Monday, October 19, 2009

To The brothers with love...'Bhai Phota'

"Bhaier kapale dilam phonta,
Jamer Duare porlo kanta,
Jamuna Dae Jomke phonta,
Ami di amar bhaike phonta,
Bhai jeno hoy mota shota."

An east Indian rhyme, translated this would mean

"As I put the tilak on my brother's forehead
I wish him all the success and good health in life"

Living in a land that is distant not only in terms of miles but also in terms of traditions, from that of my forefathers, I try in my own way to preserve whatever little I can of the festivals and rituals I had grown up with. Today through this page, I share such a ritual with you all.
A bond that is much celebrated all over India is that of a brother and a sister. The fierce bond that survives childhood competition, rivalry, tattling and gently flows through the precocious teens of separate rooms and wardrobes, of secrets kept from each other, to finally mature into an oasis of security. We all have gone through these stages, we have fought and cried, we have hugged and laughed, we have cursed and sworn, we have mimicked and pulled each other's legs. We have also, each year, two days after Diwali, celebrated with love and joy, 'Bhai Phota'
In Bengal this event is called 'Bhai Phota'. Two days after Kali puja or Diwali, on dvitiya (second day), 'Bhai Phota' is celebrated. On this day, sisters keep a fast and invite their brothers to be felicitated. This event is ceremoniously performed by the loving sister who religiously fasts the whole morning until she applies a 'Phota' (tilak) of 'chandan' (sandal wood) paste, 'kaajol'(kohl) and 'doi' (yogurt) on her brother's forehead, wishing him a long life and offering him sweets and gifts. The sisters make their brothers sit on an Asana (a small cotton mattress) and draws the 'Phota' on the forehead of the brother. If the sister is elder then she blesses her brother with rice grains and 'Durba' (blades of grass) when the brother touches her feet. The brother also eagerly waits for his sister to apply the 'Phota' and in turn lavishes her with love and gifts. After this the brothers are served sweets and then the whole family engages into singing songs, playing games and anything that is enjoyed by all. On this day relatives are invited to the house for lunch or dinner and thus a huge gathering of young children, teenagers and adults make the ambience more festive and cheerful. The sisters, dressed in their best, make the arrangement for the 'Phota'.Well this is how it happens traditionally, but in reality, as kids the brothers and sisters are coerced into this tradition by the parents. With grumpy faces they oblige to sit on the asana and take the phota, the sister at times, emphasises that if her brother doesn't mend his ways, this is the last year she will be taking part in this festival, after the obligatory smiles to the camera, the fights that were left midway are taken up and life continues. The years follow and the parents across all the towns of India instill the values of love and bonding among their kids through this tradition, and slowly yet surely the little minds change. the sister grows up and her prayers turn genuine, the brother most of the times, leaves the home to study at a distant shore, and on this particular day the feeling of nostalgia, of bygone bhai photas, of the gifts shared and the warmth of togetherness is missed whole heartedly. Maybe it is this that strengthens the bonds, maybe it is the Phota(tilak). who is to say? All we know is, that the tradition of the phota instils faith in us that our brothers will remain hail and hearty wherever they are.Pictures are of my two kids taken in two different years, at different houses... today also we will celebrate this ritual of a love that stands the test of all times.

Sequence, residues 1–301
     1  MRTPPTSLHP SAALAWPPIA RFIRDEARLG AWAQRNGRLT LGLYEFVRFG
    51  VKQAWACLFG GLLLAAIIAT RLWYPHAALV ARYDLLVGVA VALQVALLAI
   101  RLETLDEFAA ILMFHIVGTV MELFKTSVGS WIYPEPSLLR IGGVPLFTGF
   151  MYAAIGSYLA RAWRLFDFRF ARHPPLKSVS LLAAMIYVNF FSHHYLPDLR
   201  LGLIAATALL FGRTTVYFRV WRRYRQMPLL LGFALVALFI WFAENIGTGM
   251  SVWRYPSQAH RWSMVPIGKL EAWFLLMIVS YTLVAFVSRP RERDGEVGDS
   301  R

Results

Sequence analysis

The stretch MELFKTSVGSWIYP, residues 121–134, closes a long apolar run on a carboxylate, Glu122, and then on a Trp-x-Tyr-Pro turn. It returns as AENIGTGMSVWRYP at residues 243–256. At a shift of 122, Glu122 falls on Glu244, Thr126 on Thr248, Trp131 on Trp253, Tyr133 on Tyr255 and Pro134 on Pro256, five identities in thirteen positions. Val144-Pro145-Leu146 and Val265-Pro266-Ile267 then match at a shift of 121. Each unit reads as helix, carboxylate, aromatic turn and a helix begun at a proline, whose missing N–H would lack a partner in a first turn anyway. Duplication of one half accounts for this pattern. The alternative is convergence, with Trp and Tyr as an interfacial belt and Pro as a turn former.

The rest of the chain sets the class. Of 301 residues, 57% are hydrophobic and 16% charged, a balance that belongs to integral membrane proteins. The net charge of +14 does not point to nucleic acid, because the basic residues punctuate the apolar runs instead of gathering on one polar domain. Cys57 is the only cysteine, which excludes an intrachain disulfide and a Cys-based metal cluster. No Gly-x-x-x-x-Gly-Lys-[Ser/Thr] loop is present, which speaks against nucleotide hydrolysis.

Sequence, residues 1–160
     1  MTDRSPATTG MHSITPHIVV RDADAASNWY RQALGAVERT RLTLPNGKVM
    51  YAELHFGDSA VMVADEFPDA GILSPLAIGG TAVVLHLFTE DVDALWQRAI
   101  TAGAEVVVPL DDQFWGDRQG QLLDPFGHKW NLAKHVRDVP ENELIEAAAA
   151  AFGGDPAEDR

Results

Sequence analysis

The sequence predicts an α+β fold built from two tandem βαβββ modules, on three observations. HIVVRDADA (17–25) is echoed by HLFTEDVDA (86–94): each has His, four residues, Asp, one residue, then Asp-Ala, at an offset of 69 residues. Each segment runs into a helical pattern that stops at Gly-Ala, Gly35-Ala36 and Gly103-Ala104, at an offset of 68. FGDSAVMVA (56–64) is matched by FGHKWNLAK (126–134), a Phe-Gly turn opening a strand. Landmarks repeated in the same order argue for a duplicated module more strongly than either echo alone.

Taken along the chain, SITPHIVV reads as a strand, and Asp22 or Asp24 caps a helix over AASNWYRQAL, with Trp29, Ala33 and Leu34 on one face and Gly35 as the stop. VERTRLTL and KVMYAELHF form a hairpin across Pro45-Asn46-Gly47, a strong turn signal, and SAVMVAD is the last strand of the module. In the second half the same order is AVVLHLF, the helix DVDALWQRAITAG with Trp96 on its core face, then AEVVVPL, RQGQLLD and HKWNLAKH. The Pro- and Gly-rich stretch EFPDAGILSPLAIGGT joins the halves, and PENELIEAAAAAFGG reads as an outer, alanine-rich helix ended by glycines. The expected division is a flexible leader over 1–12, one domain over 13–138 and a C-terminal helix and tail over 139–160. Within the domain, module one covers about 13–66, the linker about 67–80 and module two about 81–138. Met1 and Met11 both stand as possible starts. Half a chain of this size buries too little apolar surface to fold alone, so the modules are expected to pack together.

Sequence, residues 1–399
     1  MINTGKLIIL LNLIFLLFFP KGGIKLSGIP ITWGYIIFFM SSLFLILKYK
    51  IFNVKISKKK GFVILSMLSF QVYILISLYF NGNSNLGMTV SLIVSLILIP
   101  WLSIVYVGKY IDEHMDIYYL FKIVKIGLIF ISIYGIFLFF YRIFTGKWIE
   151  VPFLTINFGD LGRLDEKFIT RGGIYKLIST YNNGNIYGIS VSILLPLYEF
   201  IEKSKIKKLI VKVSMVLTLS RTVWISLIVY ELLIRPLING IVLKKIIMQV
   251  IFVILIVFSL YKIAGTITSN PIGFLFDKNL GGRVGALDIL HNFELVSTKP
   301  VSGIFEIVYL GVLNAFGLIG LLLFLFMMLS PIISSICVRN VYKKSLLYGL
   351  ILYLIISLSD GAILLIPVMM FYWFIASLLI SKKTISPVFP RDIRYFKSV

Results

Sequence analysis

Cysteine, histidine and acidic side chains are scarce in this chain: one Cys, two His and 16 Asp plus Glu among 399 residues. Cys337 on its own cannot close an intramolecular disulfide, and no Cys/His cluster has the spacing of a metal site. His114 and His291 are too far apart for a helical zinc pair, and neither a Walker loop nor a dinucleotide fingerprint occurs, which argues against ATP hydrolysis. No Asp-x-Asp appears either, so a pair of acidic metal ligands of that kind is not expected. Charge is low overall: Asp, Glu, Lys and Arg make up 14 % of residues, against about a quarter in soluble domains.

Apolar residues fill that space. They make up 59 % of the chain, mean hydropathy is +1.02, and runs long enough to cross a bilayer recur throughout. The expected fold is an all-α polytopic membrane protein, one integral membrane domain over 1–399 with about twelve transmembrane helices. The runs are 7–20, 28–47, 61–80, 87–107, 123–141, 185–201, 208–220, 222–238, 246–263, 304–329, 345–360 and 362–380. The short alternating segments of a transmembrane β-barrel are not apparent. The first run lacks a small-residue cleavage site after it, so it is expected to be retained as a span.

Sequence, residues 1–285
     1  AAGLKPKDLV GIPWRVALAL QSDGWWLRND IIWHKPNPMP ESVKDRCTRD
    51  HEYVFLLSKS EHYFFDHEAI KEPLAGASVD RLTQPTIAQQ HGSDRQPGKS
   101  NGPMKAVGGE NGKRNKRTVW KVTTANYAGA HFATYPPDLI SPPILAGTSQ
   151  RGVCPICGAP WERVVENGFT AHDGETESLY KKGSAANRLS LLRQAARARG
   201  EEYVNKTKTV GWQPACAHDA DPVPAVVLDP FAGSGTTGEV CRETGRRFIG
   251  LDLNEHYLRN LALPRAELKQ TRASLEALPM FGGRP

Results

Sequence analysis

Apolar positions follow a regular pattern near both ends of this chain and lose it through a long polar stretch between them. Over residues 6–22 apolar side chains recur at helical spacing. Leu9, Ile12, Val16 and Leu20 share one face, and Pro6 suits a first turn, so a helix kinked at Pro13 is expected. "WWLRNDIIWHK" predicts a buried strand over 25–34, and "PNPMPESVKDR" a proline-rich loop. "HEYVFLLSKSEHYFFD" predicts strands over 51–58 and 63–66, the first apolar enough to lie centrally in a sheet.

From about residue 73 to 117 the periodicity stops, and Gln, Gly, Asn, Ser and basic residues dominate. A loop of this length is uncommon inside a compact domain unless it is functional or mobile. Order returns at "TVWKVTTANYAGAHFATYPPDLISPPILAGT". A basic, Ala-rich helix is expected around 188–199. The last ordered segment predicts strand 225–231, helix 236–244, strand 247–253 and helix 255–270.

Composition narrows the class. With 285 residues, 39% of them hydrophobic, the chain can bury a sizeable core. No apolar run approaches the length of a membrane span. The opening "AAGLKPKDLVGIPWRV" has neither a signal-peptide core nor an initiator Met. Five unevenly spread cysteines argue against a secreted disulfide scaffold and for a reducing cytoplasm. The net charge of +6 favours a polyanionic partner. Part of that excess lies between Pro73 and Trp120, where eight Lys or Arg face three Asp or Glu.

1. Hmm that is interesting to know! All these days, I was only aware of 'Raksha Bandhan'. On that day sisters tie Rakhi to their brothers and put tilak on forehead. Thanks for so much detailed info on 'Bhai Phota' :)

    Nice pics.. kids are so cute!

  2. Thank you for sharing this tradition, and for being so candid and honest. This must build strong bridges between siblings as they get older, no matter that they fight (as all children do) while growing up.

  3. Thats really great .Some thing that reminds responsibilities to each other and strengthens the bond. Wish your kids a happy 'Bhai phota' .

  4. sweet ritual...growing up an only child, I missed having a brother or a sister and the strength they can be after you survive the teasing and!

  5. This was super cute!!!!

    Happy Diwali to you and your loved ones.

  6. Very well written and touching post! Even in Hawaii, ethnic traditions are dying off, replaced by modern ones.

  7. Lovely post!
    Thank you ....I really enjoyed it!


  8. I was wondering how come your daughter has got long hair in one photo and short hair in another!

    Yes, this is a good tradition. As you said, the children will remember these things more after they are adults. Our ancestors were following these types of traditions with some meaning, Kavita.

    We, in Tamilnadu do it on the next day to Pongal festival.

  9. @Mohan Thanks Our country is so diverse and rich in traditions, at times I dont know where to start digging!

    @Clytie Thank you, this is the most honest bond I think.

    @Bhavya thanks a lot.